The players' union last night rejected pleas from Premier League clubs and the British Government for footballers to accept immediate pay cuts, despite a direct appeal from UK health secretary Matt Hancock amid fears of a financial meltdown due to the coronavirus pandemic.
In a wide-ranging statement, the Professional Footballers' Association (PFA), led by its veteran chief executive Gordon Taylor, said that it would not simply give clubs a free hand in cutting players' salaries or offering deferrals.
Taylor, who is the voice of the PFA, said in the statement: "In instances where clubs have the resources to pay all staff, the benefit of players paying non-playing staff salaries will only serve the business of the club's shareholders."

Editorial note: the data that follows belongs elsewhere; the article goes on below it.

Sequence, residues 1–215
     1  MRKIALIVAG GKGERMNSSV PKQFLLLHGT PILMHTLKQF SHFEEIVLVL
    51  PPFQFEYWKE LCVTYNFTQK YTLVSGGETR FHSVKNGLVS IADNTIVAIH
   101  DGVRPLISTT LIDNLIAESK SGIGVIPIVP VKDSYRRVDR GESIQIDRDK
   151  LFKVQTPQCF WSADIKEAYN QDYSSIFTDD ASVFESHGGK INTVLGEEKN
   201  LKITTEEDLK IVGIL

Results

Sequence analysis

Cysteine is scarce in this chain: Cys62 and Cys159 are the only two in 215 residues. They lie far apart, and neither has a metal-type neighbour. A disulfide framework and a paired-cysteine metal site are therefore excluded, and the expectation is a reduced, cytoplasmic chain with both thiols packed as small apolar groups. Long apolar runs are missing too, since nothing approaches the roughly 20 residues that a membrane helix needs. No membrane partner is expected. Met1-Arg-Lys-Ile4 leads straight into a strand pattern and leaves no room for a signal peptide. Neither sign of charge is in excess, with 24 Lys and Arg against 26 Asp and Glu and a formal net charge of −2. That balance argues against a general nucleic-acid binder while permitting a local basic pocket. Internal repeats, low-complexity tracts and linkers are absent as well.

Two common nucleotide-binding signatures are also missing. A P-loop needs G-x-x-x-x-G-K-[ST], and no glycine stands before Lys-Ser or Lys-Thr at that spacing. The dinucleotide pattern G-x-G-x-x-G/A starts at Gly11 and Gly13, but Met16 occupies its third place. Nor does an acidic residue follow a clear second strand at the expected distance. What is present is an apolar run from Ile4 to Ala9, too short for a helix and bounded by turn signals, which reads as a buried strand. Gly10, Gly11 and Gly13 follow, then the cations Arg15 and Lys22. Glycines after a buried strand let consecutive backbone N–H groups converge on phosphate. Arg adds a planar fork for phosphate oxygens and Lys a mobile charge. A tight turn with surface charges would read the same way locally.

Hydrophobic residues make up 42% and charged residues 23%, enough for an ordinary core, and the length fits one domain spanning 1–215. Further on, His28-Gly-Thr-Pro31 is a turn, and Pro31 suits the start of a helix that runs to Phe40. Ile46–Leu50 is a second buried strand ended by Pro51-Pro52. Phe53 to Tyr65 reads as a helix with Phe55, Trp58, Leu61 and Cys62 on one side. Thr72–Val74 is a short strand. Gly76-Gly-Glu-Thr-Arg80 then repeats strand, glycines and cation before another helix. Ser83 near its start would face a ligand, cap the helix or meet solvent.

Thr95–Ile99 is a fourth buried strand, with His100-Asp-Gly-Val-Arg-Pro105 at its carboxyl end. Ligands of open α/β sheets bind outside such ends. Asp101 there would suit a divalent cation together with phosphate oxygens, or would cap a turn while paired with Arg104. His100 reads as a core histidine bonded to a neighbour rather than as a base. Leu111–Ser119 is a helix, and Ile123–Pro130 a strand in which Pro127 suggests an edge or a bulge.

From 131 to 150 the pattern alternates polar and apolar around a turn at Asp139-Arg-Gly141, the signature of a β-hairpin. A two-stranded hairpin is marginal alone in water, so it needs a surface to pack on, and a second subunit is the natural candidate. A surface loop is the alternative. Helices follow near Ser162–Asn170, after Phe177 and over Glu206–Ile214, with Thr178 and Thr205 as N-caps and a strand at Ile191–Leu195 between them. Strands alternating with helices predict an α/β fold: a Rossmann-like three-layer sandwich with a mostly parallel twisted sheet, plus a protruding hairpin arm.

This came despite an earlier call from Hancock in the daily coronavirus update directly to Premier League footballers to "make a contribution, take a pay cut and play their part".
As many clubs throughout the divisions, including the Premier League, furloughed non-playing staff and some in the Championship negotiated major pay cuts with squads, Taylor said that football should not be absolved of its financial responsibilities.
"Our current position," the PFA said, "is that - as businesses - if clubs can afford to pay their players and staff, they should."
The statement came after another day of talks between the PFA, the Premier League and the English Football League aimed at getting an agreement on salary deferrals and cuts ahead of a shareholders' conference for the 20 Premier League clubs today. (© Daily Telegraph, London)
Harry Kane has reached the crossroads of his career at the worst time possible. In other circumstances, the Tottenham striker's comments suggesting he would consider a move in the near future would be reasonable.